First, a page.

Not surprisingly, Thatcher’s emphasis on her own personal significance and her alienation from the mundane compromises of domestic politics annoyed her colleagues. (It was an alienation that was increased by the fact that she came to think of herself more and more as an international stateswoman rather than a British politician.) It helped precipitate her eviction from the leadership of her party and thus from Downing Street. Thatcher’s fall was, though, a revolution within Thatcherism rather than a revolution against Thatcherism. The economic policies of the Thatcher government continued. Indeed, in policy terms, Major was more Thatcherite than Thatcher: he privatised the railways — something that she had hesitated to do — and closed the last British coal mines.

Thatcher’s fall further divided the cult of Thatcher as an individual — let’s call this “Thatcherianism” — from the policies of Thatcherism. Thatcher had been on the Conservative front bench for most of her political career. Now for the first time she was freed from the constraints of practical politics. She became more extreme and was deeply bitter towards party leaders, especially Major, whom she believed had betrayed her. The myth of her martyrdom was cultivated by a small number of loyalists who had followed her into political exile, as well as by younger people who came into parliament too late to have direct experience of what the Thatcher governments had actually done.

“Thatcherianism” began to acquire its own political identity, separate from Thatcherism. It revived the social conservatism that had been part of Thatcherism in 1979 but had largely disappeared from the policies of the Thatcher government by 1989. Most important, it pushed a ferocious hostility to the European Union — particularly after Thatcher presented herself as the standard bearer of opposition to the Maastricht treaty in the early Nineties. This was quite a break with the past: it had been Labour that spoke of leaving the European Community in 1983. Thatcherites had welcomed West-European unity as a means of resisting Communism and promoting free markets. Thatcher was always emotionally ill-at ease with Europe but, during most of her years as prime minister, she was also realistic enough to know that emotion is a bad guide to politics. As late as 1988, she would regarded leaving the European Union as bat-shit crazy.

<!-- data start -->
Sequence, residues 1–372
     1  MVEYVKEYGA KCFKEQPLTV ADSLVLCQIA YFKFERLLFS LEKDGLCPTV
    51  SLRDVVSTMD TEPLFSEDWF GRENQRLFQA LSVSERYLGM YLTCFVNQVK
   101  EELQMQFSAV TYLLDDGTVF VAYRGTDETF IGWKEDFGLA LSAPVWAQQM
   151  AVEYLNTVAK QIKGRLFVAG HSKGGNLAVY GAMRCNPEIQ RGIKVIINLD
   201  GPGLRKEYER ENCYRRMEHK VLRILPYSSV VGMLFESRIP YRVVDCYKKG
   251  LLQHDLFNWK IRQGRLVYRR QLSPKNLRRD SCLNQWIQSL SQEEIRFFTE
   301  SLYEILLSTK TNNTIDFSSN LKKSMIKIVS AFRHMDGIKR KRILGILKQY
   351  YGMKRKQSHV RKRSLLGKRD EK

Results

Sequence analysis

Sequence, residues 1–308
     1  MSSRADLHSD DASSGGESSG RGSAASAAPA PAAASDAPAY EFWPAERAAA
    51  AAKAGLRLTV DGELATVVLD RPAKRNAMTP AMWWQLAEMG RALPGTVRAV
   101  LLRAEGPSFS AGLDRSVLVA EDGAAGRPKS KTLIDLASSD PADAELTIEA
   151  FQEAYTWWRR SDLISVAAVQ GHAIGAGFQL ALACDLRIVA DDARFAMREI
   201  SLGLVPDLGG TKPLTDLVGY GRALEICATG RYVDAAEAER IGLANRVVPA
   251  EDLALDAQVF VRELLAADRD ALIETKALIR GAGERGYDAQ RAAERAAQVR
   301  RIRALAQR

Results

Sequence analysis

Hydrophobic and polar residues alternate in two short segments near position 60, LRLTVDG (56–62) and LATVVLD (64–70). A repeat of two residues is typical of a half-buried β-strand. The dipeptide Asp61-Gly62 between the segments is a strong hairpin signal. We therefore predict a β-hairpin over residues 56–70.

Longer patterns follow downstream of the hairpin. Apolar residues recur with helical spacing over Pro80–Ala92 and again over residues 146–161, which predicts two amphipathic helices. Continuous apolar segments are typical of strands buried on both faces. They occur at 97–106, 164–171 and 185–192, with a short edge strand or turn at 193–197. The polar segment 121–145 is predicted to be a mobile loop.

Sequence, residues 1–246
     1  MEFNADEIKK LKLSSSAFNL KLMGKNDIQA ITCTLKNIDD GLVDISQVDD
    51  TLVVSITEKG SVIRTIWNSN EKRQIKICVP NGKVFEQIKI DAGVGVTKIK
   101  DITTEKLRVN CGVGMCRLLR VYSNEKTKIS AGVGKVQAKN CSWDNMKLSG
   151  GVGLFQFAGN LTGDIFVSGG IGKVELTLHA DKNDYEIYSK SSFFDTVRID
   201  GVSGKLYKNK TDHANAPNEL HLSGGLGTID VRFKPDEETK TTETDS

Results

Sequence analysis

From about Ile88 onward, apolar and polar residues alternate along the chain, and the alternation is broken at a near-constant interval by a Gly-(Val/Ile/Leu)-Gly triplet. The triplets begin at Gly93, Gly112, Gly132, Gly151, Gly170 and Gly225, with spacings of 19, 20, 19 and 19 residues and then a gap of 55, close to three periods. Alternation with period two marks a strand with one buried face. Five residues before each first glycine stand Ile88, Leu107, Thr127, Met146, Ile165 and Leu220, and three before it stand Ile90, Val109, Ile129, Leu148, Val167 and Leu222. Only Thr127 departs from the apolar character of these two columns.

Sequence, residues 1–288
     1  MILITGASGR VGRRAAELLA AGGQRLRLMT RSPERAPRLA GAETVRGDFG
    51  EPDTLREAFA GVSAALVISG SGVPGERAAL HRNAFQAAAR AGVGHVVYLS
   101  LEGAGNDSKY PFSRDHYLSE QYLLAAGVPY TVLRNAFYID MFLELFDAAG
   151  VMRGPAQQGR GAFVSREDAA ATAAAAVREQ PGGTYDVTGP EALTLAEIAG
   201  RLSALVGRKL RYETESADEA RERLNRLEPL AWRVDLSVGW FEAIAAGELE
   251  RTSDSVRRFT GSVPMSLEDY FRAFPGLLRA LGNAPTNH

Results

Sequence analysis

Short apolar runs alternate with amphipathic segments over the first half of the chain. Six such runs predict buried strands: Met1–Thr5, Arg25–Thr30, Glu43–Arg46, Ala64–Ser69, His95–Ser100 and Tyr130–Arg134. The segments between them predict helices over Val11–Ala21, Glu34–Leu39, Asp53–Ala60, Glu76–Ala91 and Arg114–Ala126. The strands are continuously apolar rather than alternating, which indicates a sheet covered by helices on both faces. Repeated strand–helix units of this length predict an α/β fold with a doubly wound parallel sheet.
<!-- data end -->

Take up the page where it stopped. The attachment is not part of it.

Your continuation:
In an odd way, the rise of a personalised “Thatcherianism” cult played into John Major’s hands in the early Nineties. The intemperate, ungracious nature of attacks by Thatcher and her remaining allies occluded the extent to which the Major government was really continuing her economic policies. It also contributed to the sense that Major was a moderate and consensual figure — and this, in turn, helped make policies that might once have seen as highly controversial seem like a new kind of common sense. Tory frontbenchers in the Nineties managed to imply that they had moved on from the savage conflicts of the Eighties and that it would be unreasonable to hold them responsible for the policies of the Thatcher governments — governments in which many of them had served as senior ministers.

Of course, the success of Thatcherism extended beyond the Conservative Party. The truth is that large parts of the British establishment — civil servants, Labour politicians and even the occasional trade unionist, such as Frank Chapple — regarded much of what the Thatcher government did, notably breaking the miners, as necessary. There was also a more general shift in public opinion and behaviour. Dozens of small-scale actions — buying shares in privatised companies, voting for demutualisation of buildings societies (or taking the bonuses even when we voted against) — made most of the British middle class complicit in one way or another. Indeed, it is extraordinary how the free-market pervades everyday life in modern Britain. I am writing these words in Delhi. When I first came here, in 1984, the notion of haggling over money when, for example, one took a ride in an auto-rickshaw, still seemed odd. Now we are, in effect, haggling over money every time we book an Uber online.

Andrew Gamble was the single most important person to write on Thatcherism for Marxism Today. When he kindly came to speak to my students about this part of his career, he remarked on the brief commercial success of the magazine after it was stocked by W.H. Smith. The students asked whether this meant he got paid more. He grinned ruefully and said that he — and, so far as he knew, the other contributors — never even thought to ask about payment. Things have changed. A friend of mine gave a television interview after Thatcher’s death. A child of the Eighties herself and with a keen entrepreneurial instinct, she was much impressed that the leading public intellectual with whom she shared the studio negotiated ruthlessly about his appearance fee. Finally, the cameras went on and the interviewer asked what Thatcher had done to the country. The leading public intellectual paused to compose his features into an appropriately solemn expression and said: “I am afraid that she made us all much more selfish.”

Richard Vinen is Professor of History at King’s College, London. His book Second City: Birmingham and the Forging of Modern Britain is out now.